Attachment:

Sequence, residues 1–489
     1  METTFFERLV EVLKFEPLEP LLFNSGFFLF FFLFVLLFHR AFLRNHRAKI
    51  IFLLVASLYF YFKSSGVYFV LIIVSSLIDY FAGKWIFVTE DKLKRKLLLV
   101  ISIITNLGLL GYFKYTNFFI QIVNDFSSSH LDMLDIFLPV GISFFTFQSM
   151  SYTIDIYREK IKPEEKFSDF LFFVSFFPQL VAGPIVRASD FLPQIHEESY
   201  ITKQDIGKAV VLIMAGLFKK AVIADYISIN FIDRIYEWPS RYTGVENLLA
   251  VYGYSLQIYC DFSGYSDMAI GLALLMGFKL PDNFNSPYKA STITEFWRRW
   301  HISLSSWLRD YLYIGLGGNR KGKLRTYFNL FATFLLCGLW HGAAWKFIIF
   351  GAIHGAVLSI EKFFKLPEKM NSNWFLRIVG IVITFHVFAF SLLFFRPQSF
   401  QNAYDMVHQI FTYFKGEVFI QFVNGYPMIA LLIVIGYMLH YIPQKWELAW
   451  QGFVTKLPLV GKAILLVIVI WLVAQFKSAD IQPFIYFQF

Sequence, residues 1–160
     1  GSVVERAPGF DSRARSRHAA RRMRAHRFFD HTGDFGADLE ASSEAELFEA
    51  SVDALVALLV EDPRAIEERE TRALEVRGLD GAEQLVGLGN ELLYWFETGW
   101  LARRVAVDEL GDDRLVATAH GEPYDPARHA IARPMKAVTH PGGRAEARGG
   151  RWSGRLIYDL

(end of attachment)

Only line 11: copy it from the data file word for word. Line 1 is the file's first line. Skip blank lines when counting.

   451  QGFVTKLPLV GKAILLVIVI WLVAQFKSAD IQPFIYFQF